Brimful of food was Scotland, east and west,
During the reign of the ruddy, brave king”
Strong, brave and ruddy (red) faced (perhaps with rage) if this is added to tall, fair and with long blond hair, a picture of huge terrifying warrior emerges, the kind of man to forge a country in a violent age.
The line, Brimful of food, suggests what facts seem to support, Scotland was a stable and prosperous land for a time. So stable that in 1049 felt secure enough to leave Scotland and go on a pilgrimage to Rome. Leaving your country was a big deal for any medieval king, but for Macbeth, with a pretender Malcolm Canmore exiled in Scotland’s main rival Northumbria, this was a blod move of a confident man.
Macbeth arrived in Rome in Easter 1050 where he visited the poor areas of the city and scattered so much silver in the streets it was written of by monks in Hamburg. Why he went on pilgrimage he was less clear. As a Norman ally was he seeking more favour from the pope against England? Was it to try and get the pope to legitimise his rule over Malcolm Canmore? Or maybe he just was genuinely pious.
Towards the end of Macbeth’s reign discontent emerged in Scotland. The reasons are unknown, but for the first time Malcolm Canmore found support for his cause in Scotland and he was to return to haunt Macbeth.
Earl Siward of Northumbria hadn’t harboured Canmore for all these years out of kindness, but as a card to play in the prolonged struggle between the two realms, in 1034 he decided to play it.
The Anglo-Saxon Chronicle records,
“This year went Siward the earl with a great army into Scotland, both with a ship-force and with a landforce, and fought against the Scots, and put to flight the king Macbeth, and slew all who were the chief men in the land, and led thence much booty, such as no man before had obtained. But his son Osbarn, and his sister’s son Siward, and some of his housecarls, and also of the king’s, were there slain, on the day of the Seven Sleepers”
According to the chronicle, Siward and Canmore rode at the head of a large army into Scotland and defeated Macbeth, however it’s not this straight forward. Amongst the Northumbrian army were a lot of the personal troops of Edward the Confessor, which suggests it was an English not Northumbrian orchestrated invasion, perhaps in response to Macbeth’s harbouring of Normans.
By standards of the day the invading force was huge. The Northumbrian Chronicles paint a vivid picture, a large Northumbrian fleet lead by Canmore captured the city of Dundee and was joined by Scottish rebels including horse. They marched out to the plains of Gowire past the capital Scone and Edinburgh, probably pillaging in an attempt to force Macbeth to face them. Macbeth presumably having to ride the country to muster forces to fight such a huge invasion. The campaign was recorded as being costly to men on both side and culminated in one of the most massive battles seen to date in Scotland, the Battle of Seven Sleepers (Dunsinane). The Northumbrian Chronicle tells little of the battle but Macbeth’s forces charged down from the hills at the Northumbrians and were put to flight. The annals of Ulster record as many as 3000 Scottish dead, 1500 English dead and all of Macbeth’s Normans wiped out.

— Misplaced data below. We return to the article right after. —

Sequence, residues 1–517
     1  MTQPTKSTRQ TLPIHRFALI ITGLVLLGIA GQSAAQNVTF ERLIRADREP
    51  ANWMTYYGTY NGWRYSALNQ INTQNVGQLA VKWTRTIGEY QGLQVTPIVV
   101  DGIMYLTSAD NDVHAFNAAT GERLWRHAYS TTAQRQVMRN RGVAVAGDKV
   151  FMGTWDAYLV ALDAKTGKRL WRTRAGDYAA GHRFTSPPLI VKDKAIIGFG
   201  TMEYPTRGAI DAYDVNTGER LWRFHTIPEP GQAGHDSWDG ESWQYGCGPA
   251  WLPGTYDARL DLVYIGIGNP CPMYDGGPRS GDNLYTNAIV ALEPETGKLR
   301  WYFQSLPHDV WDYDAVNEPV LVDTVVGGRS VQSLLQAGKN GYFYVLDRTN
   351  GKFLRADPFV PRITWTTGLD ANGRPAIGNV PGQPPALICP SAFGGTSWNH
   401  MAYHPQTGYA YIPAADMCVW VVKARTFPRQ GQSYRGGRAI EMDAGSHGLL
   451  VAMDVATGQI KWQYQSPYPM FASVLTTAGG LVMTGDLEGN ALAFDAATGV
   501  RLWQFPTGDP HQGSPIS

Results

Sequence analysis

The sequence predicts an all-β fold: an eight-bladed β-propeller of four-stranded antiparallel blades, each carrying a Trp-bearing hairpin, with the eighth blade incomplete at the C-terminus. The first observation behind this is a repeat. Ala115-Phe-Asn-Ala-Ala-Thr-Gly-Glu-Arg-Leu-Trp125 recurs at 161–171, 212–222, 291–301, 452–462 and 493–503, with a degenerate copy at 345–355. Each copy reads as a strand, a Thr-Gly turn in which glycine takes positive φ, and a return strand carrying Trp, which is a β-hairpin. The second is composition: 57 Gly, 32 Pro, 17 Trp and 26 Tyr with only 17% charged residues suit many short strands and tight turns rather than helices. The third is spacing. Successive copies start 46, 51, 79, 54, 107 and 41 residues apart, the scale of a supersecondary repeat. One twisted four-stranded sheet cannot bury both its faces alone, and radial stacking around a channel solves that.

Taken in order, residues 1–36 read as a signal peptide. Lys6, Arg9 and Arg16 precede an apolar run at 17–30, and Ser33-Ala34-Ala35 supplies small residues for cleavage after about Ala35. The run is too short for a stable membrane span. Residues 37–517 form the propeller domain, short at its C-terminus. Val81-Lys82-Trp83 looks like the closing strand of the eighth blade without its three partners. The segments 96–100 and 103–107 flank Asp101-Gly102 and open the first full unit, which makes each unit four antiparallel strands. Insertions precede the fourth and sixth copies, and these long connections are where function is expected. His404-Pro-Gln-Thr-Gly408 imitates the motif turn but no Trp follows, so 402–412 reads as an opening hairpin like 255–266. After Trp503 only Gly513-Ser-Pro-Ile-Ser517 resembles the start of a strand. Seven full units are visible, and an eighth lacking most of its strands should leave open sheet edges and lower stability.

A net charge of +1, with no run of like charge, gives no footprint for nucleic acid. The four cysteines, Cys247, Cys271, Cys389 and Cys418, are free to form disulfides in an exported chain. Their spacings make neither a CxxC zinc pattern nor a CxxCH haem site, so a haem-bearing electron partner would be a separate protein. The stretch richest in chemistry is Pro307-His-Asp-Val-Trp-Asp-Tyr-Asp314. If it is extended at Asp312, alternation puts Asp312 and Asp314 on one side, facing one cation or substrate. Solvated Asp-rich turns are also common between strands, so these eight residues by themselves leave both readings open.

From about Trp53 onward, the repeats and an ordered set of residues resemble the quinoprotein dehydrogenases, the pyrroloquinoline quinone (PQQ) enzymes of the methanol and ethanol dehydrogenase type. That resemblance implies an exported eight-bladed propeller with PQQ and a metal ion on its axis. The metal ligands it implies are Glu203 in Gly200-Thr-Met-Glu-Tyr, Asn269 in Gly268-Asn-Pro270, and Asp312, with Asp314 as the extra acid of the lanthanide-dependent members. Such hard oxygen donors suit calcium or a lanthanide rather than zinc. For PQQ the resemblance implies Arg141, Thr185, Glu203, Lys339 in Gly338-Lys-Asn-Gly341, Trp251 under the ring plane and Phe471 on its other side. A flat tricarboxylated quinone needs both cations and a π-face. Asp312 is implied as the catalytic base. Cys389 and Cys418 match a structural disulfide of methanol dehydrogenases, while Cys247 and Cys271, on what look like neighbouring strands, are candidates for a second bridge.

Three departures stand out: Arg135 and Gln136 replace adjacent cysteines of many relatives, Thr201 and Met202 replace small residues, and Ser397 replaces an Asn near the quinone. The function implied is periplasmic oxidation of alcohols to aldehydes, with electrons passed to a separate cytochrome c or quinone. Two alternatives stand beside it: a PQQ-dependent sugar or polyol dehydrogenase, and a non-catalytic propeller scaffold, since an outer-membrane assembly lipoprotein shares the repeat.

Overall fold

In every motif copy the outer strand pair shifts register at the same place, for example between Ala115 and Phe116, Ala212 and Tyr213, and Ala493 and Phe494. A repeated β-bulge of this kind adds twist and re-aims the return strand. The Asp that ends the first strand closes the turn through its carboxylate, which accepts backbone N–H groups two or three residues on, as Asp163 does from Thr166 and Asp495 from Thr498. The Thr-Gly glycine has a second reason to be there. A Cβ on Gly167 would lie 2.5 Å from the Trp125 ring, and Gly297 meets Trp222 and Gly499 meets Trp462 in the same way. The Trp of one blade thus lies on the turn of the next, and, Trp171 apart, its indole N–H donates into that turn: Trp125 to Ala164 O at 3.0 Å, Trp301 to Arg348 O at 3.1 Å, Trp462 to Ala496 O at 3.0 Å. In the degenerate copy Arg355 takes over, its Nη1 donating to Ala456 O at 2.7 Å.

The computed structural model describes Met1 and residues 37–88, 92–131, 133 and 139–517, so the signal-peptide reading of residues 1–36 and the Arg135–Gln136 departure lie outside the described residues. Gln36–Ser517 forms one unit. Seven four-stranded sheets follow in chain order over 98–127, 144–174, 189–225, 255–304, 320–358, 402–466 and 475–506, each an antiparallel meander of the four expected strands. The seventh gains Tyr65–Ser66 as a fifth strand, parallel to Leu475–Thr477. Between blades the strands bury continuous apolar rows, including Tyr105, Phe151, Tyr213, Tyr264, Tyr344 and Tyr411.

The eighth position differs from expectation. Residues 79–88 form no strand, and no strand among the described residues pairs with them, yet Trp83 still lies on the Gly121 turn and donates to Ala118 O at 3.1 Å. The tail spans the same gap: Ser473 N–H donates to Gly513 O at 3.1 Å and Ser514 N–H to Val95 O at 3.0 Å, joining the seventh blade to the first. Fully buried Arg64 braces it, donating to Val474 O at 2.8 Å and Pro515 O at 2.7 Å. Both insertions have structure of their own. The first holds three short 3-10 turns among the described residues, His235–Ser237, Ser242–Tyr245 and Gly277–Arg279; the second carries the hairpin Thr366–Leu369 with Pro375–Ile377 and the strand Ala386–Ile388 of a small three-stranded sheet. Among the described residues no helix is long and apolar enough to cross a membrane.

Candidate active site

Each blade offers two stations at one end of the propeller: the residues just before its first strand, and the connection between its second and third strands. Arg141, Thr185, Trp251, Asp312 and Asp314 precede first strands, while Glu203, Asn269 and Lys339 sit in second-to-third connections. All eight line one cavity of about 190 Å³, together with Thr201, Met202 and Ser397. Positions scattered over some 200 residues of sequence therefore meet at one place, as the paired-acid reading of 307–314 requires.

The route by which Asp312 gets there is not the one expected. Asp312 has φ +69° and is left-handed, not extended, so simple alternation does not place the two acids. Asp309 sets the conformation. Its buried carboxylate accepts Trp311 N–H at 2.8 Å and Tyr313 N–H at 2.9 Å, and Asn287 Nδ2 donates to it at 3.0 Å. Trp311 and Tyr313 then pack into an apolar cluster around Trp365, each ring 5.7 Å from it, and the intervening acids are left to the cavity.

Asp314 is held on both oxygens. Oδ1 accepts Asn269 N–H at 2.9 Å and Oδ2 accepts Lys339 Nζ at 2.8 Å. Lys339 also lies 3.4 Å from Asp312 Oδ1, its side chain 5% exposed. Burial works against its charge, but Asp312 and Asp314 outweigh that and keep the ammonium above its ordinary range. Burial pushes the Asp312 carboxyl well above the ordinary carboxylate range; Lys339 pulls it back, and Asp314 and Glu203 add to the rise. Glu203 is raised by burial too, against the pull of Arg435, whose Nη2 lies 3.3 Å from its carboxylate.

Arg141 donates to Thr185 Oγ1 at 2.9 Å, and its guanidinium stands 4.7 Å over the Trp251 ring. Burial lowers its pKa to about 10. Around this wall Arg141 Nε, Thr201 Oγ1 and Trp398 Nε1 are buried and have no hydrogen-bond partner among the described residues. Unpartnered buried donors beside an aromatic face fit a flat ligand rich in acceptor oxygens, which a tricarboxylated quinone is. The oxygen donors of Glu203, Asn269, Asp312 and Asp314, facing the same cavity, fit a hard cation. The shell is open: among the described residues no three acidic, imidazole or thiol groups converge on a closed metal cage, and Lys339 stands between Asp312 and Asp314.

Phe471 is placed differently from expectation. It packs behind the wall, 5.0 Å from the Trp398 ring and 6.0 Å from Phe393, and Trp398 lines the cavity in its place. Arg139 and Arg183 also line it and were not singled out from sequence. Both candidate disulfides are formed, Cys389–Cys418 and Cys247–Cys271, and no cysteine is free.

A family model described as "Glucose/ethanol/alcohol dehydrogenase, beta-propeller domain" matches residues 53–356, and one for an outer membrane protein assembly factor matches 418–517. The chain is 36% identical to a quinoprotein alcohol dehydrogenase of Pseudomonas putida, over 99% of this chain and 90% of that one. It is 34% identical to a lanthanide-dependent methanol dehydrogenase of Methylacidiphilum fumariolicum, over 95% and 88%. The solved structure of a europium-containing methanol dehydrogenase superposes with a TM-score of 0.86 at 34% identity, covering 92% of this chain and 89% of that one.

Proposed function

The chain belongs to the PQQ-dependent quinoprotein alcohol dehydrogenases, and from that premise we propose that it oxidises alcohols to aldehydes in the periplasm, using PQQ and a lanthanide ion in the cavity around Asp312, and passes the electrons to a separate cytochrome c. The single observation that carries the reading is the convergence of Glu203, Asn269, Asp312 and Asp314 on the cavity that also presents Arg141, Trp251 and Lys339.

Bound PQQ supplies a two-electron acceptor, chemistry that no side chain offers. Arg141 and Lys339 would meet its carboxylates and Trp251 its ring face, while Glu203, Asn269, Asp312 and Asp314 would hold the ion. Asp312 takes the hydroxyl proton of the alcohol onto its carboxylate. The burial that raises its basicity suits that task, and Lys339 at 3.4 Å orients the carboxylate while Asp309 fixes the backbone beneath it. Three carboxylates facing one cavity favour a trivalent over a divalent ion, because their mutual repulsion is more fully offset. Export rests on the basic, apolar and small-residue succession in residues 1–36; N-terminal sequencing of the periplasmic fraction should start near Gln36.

The Battle of Seven Sleepers put Canmore in firm control of the Lowlands, for the English this was enough, who made a separate peace with Macbeth and returned to with their booty back to London and Northumbria leaving him with only his own forces.
Canmore now devoid of English support lacked the power to venture into the highlands and confront Macbeth. Meanwhile Macbeth still Mormaer of Moray, the most powerful Mormaer in Scotland retreated to the security of his highland kingdom where he mounted a guerrilla war against Canmore raiding south. For three years Macbeth carried out his war leading ambitious raids deep into the lowlands and retreating north assured the lowlanders could never follow, he was to prove wrong. 1057 Malcolm Canmore manage to lead a force to Macbeth surpise across the Grampian mountains and ambush the unsuspecting Macbeth, at the village of Lumphanon, deep in Moray, as he returned from a southern foray. Macbeth was slain in the battle.
Macbeth 1005-1057 (King 1040-57)
It is always said, with the death of Macbeth died Tanistry in Scotland, as Malcolm Canmore and his descendants ruled in primogeniture from then on. However in a great twist of irony it was perhaps Macbeth himself who ended it when his own stepson became his successor, ‘Lulach the foolish,’ never crowned, Lulach survived his father by only seven months before Canmore invaded Moray again and slew him. Whereas Canmore himself was succeeded by his brother (briefly) before his son. Macbeth may not have been the last Tanaise monarch of Scotland, but he was the last Highlander.
Macbeth, Man and Myth – Nick Aitchison
In Search of British Heroes – Tony Robinson
Annals of Ulster
Annals of Tigernach
Chronicle of Melrose
Prophecy of Berchan – Marianus Scotus
The literary encyclopaedia
Dot to doomsday – http://www.stephen.j.murray.btinternet.co.uk